MG sported a prominent Union Jack and a historical display of MG models from 1924 – 1963 as part of their launch of the new MG3.
However, the design kudos were mainly stolen by Shanghai General Motors, a JV between SAIC and GM, whose displays both in terms of new vehicle features and interactive technologies were outstanding in comparison to most manufacturers.
In terms of exhibit production and event management, this is big business. Some of the manufacturers use their regional B-exhibition kits for Auto Guangzhou, but many build new stands.
For some of the most high-profile brands, the production spend might be USD 1,000 per square meter, approximately $100 per square foot, on the construction alone. This is significantly less than in many other markets, chiefly because the labor costs in China are still far lower than in Europe or the U.S.
Overnight work is commonly required due to short setup times; the official installation period for Auto Guangzhou was 9 days, including any rehearsal period. Typically, the manufacturers also use their exhibit partners as turnkey agencies for these projects, asking them to manage hall fees, electricity, overtime charges, and other required services within fixed overall project budgets.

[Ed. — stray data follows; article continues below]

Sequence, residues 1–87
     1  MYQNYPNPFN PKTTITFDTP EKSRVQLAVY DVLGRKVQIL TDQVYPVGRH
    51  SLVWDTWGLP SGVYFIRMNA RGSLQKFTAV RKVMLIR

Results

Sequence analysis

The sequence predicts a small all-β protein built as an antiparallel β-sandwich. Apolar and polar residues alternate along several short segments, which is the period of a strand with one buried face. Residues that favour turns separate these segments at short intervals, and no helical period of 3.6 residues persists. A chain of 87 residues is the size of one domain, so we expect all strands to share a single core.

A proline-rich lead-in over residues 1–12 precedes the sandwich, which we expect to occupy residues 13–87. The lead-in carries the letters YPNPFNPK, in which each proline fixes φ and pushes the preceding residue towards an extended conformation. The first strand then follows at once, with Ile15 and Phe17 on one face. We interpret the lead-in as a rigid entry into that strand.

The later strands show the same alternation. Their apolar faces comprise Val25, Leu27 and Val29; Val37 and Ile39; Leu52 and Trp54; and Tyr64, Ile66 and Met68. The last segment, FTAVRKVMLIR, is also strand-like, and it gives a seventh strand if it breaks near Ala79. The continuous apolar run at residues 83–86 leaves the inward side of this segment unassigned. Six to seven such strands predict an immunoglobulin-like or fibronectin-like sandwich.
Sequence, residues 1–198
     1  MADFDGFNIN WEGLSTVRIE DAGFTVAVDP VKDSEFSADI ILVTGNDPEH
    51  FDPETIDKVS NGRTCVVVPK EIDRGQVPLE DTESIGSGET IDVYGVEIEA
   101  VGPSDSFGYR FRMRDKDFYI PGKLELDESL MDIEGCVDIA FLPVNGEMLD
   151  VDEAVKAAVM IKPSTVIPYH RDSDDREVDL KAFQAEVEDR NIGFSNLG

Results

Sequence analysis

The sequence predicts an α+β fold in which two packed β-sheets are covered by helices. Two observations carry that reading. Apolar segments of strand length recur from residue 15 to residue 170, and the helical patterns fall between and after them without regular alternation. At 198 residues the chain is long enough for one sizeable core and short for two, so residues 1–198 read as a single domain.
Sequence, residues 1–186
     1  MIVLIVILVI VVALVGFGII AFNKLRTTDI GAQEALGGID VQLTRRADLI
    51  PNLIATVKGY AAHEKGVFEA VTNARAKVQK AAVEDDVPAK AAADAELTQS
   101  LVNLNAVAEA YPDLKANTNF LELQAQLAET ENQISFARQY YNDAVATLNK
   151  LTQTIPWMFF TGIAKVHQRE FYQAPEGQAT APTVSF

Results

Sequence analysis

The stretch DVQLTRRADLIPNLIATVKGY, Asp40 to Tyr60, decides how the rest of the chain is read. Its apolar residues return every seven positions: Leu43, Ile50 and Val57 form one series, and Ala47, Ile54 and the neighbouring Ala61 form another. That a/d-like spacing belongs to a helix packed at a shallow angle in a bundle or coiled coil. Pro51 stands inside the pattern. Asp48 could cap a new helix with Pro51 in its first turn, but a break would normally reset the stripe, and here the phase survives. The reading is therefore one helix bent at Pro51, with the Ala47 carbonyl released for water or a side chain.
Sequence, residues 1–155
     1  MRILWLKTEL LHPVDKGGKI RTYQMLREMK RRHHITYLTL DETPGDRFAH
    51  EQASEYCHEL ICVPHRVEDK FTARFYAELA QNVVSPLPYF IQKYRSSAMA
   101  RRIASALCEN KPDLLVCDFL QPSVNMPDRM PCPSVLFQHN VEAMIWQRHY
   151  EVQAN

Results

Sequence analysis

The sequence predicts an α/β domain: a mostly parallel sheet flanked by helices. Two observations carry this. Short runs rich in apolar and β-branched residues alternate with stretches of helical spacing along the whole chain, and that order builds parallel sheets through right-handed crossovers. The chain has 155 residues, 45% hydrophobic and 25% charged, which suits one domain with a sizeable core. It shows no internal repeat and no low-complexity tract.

Although the China auto sector has been booming for 10 years, change is in the air. According to China4Auto.com, and industry news outlet, consumers are concerned that the largest cities could exert tighter control on license plates and preferential policies to help ease congestion and emissions.
At the same time, the government is pushing ahead with reforms designed to consolidate the industry and strengthen the top manufacturers. How these changes may impact the global auto sector, and the China auto exhibition industry, remains to be seen.
Karen Arndt has lived in Greater China for 15 years, five of which have been in Shanghai. She is the managing director of Mainland China for Uniplan, a European-Asian live communication company. Uniplan offers concept development, design, production, installation and show services for exhibitions and events out of their 7 locations in Greater China. For more information, visit www.uniplan.com or e-mail Karen at email@example.com.
|People on the Move|